Space Race Competition helps turn NASA Tech into new products
by Staff Writers
Washington DC (SPX) Mar 14, 2016
When NASA's Technology Transfer Program launched Startup NASA, the chief goal was to help new companies hold on to their cash. "The majority of NASA licenses are executed by small businesses, and cash flow is one of the most difficult challenges they face," said Daniel Lockney, executive of the program. "Securing intellectual property is another, making Startup NASA a great way for them to manage both problems."
The initiative allows start-up businesses formed for the purpose of commercializing technology licensed from NASA to do so without any up-front costs and with no minimum fees for three years. Since its kickoff in October 2015, Lockney said the program has resulted in the creation of over a dozen new high-tech companies, launched with the express purpose of commercializing NASA technologies.
If Startup NASA was meant to launch new companies into orbit, then NASA's newest licensing initiative, the Space Race competition, could help some reach the moon.
The agency partnered with the nonprofit Center for Advancing Innovation (CAI) to create the Space Race, a competition that matches the licensing structure of Startup NASA with a business accelerator and gives participants the chance to solicit significant seed funding from venture capitalists.
Teams of applicants can enter the contest, which kicked off in January and is open to new entrants until March 27, by choosing one of 10 specially selected NASA technologies and developing a plan to commercialize it.
Groups will compete over the course of several stages, first honing and delivering an elevator pitch and, for those chosen to advance, later developing a full business plan with a comprehensive financial model. A panel of judges will hear the final presentations and select finalists, who will then incorporate their businesses, apply to license the selected NASA technology, and ideally begin product development and commercialization.
All participants in the competition will receive numerous benefits, said Rosemarie Truman, CAI's founder and CEO. The challenge provides robust training in business fundamentals, as well as mentorship from world-renowned industry experts. Competitors also will receive unique networking opportunities and media exposure as they vie for prize purses of $2,500.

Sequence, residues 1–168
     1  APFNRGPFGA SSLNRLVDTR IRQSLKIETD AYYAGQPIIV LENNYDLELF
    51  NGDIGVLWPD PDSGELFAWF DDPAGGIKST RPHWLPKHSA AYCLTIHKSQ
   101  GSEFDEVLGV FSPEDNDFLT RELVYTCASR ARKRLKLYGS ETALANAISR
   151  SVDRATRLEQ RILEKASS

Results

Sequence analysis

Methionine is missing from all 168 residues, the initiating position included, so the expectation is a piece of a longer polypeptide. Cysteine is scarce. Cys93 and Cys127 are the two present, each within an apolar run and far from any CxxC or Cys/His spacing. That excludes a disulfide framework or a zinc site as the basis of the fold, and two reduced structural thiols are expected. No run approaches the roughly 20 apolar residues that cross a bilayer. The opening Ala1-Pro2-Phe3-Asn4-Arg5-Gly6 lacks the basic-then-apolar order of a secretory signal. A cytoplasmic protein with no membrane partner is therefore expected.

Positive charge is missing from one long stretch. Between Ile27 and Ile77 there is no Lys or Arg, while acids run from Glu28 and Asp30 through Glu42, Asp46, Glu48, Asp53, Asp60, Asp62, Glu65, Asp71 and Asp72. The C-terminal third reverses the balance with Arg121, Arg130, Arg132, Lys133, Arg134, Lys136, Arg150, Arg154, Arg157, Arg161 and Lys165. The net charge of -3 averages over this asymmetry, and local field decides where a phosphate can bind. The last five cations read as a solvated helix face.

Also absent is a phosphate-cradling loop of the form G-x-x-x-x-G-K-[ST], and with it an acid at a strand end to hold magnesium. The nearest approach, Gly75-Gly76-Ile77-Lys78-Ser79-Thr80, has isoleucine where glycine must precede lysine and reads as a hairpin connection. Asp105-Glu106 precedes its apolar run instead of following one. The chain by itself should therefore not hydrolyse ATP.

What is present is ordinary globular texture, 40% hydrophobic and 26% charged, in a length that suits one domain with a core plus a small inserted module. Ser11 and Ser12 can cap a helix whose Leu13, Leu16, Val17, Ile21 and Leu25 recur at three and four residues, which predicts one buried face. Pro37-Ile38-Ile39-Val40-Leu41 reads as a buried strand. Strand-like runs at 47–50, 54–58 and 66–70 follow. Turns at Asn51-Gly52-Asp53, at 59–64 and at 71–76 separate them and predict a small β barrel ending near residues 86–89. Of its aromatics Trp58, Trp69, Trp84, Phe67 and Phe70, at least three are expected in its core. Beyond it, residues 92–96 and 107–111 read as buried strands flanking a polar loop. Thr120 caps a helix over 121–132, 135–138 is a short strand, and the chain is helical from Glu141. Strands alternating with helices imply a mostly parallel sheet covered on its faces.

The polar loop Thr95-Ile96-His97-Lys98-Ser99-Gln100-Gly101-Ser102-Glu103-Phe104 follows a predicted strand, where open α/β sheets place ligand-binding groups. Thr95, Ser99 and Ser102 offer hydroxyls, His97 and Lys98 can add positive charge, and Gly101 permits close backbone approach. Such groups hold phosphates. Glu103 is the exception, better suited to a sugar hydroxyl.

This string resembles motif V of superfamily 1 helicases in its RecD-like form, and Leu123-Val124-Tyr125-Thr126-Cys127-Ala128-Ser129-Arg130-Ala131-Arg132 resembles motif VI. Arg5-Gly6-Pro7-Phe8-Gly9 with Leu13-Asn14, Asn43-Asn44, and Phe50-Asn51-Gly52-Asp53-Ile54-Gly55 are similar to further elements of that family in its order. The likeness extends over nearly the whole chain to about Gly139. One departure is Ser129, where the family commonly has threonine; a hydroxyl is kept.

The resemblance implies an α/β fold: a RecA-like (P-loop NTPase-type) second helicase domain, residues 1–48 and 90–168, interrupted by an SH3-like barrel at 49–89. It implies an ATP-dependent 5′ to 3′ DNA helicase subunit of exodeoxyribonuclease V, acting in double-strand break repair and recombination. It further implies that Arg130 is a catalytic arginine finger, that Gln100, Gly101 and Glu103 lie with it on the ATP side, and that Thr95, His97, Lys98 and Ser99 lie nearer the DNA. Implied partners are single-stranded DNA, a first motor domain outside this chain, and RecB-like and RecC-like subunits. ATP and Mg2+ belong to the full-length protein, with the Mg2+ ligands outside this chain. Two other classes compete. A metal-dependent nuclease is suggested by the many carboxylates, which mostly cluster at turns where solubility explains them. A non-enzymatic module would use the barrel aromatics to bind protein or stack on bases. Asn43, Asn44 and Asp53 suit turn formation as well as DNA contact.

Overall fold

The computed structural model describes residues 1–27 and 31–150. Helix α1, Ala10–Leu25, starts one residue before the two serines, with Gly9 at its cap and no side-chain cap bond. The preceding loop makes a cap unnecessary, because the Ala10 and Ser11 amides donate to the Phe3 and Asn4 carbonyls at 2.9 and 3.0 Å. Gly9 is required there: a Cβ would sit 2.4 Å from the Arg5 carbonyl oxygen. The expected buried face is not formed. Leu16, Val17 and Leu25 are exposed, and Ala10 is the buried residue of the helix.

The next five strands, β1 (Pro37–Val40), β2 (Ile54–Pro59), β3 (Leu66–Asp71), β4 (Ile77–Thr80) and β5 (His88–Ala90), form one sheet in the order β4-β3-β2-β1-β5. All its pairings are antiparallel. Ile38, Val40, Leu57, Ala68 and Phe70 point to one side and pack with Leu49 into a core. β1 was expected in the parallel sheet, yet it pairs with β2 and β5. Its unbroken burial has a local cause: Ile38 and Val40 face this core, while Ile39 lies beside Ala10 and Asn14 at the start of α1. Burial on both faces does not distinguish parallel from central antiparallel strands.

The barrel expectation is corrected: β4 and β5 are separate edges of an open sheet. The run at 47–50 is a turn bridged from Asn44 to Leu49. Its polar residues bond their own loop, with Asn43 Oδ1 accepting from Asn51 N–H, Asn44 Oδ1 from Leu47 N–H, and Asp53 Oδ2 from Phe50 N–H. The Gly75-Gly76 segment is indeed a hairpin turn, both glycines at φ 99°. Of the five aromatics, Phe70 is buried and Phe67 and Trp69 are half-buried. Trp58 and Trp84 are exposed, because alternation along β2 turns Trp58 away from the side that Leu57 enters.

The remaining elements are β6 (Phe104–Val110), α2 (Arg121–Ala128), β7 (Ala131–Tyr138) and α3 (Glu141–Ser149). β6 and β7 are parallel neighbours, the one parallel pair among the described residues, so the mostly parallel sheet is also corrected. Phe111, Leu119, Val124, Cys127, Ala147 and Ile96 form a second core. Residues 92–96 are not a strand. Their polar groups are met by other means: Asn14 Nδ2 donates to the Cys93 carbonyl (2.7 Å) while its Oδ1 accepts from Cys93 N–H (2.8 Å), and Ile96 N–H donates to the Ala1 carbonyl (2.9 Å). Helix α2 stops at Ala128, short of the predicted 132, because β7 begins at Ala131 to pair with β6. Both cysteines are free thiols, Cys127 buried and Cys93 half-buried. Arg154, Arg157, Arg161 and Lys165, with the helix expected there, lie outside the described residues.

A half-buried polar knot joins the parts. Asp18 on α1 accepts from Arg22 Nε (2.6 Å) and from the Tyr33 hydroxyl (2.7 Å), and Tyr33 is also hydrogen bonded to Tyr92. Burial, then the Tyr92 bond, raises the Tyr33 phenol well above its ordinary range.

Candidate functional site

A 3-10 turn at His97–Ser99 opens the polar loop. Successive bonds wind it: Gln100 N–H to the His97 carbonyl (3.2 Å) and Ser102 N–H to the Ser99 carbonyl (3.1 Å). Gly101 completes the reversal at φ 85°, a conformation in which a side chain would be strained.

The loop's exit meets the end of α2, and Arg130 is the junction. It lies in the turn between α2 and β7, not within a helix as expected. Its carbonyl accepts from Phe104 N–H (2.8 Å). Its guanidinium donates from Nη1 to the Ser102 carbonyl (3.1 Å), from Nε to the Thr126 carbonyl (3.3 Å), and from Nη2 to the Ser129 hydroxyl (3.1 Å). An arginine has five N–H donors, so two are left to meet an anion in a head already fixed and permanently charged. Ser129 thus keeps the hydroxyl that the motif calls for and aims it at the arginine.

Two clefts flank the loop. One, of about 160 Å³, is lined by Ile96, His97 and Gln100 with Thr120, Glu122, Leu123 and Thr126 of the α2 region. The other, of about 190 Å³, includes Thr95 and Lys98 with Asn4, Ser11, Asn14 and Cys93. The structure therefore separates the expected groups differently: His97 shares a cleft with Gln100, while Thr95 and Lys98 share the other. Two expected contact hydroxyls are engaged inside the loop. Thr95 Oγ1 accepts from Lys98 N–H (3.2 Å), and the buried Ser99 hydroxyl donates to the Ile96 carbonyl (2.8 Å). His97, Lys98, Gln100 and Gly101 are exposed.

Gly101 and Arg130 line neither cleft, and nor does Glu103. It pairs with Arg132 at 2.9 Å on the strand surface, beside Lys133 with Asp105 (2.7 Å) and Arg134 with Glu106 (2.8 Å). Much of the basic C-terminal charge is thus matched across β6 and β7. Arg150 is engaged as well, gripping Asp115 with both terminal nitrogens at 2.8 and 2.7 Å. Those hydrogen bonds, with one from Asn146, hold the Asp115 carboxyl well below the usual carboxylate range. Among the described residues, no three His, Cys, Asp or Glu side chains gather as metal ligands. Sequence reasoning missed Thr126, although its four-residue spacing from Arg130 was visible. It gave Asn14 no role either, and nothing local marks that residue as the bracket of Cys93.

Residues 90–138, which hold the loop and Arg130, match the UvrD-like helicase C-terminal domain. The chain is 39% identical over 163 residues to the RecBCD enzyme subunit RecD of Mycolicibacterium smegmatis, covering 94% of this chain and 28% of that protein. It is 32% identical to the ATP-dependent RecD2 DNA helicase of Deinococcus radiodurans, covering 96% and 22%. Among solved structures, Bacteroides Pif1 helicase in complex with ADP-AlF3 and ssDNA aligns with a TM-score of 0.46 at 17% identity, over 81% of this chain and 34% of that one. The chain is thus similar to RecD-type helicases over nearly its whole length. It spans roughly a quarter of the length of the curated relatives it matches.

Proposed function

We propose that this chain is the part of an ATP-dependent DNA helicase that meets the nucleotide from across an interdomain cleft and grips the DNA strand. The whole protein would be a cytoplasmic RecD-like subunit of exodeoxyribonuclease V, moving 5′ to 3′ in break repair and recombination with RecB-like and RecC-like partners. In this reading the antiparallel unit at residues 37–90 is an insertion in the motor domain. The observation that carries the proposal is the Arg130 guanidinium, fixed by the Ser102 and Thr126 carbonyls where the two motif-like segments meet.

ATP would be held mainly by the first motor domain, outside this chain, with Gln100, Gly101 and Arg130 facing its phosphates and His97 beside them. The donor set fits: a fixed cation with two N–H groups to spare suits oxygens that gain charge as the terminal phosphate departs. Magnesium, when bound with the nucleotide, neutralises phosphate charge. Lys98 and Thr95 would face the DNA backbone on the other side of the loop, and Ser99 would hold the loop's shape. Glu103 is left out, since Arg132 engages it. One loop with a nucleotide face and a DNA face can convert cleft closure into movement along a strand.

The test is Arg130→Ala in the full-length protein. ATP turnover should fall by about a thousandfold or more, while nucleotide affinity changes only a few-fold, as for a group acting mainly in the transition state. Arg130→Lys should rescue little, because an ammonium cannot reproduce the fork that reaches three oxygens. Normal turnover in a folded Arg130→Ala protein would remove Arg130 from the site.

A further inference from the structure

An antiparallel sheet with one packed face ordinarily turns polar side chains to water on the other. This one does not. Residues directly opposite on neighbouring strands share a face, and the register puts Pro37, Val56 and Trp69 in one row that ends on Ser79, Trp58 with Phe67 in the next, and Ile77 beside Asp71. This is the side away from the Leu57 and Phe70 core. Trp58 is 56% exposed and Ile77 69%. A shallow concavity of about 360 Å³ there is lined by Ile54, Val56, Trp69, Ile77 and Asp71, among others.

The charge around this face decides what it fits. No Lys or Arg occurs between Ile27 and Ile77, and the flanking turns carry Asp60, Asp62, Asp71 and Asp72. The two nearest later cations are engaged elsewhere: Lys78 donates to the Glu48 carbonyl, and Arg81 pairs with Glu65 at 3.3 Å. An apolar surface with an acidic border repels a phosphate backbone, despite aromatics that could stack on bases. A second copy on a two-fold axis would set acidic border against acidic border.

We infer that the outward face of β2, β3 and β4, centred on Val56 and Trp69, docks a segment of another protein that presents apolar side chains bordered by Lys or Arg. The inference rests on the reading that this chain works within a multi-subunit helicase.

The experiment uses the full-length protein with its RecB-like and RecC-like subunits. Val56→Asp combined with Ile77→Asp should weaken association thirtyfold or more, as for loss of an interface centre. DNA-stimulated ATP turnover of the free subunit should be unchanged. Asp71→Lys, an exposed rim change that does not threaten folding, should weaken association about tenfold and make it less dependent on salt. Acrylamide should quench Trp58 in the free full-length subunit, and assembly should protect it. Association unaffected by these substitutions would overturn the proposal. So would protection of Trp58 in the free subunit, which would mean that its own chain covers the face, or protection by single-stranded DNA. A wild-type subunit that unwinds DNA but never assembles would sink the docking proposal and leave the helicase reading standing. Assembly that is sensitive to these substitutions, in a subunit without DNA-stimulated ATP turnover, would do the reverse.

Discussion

But the biggest benefit is the promise of soliciting significant seed funding from venture capitalists. Companies formed through the Space Race will have the opportunity to raise as much as $1.2 million in private capital from a committed fund.
"We want to inject these companies with cash to hyper-accelerate their product development, getting them to escape velocity so they can reach a series A round of funding or even a successful exit," said Truman.
CAI has run several similar challenges with other university and federal laboratories, with notable results. Two previous challenges led to the formation of 33 companies, creating an estimated 1,200 jobs.
Truman said she sees huge potential in the particular technologies that were selected from NASA's portfolio for Space Race. "What's especially great about NASA inventions is that they have been 'de-risked,'" she said. "They've been tested rigorously and meet the highest standards. They work in the vacuum of space, in zero gravity - some function at 600 degrees Celsius. You can bootstrap these technologies into products so quickly because of how proven they are."
For NASA, participation in a start-up competition is new territory, but Lockney said it's all part of the agency's concerted effort to speed up the transfer of aeronautics and space technologies to the private sector for the benefit of the public.
"In the past four years, we've managed a 250 percent increase in annual patent licensing and have doubled the rate at which we release software to the public," he said. "Startup NASA and the Space Race challenge promise to continue that trend of making NASA's achievements in research and technology more accessible to people on the ground."
"These technologies represent not just shared benefits with U.S. businesses, but also a significant return to American taxpayers in the form of jobs created and new products brought to market," he said.
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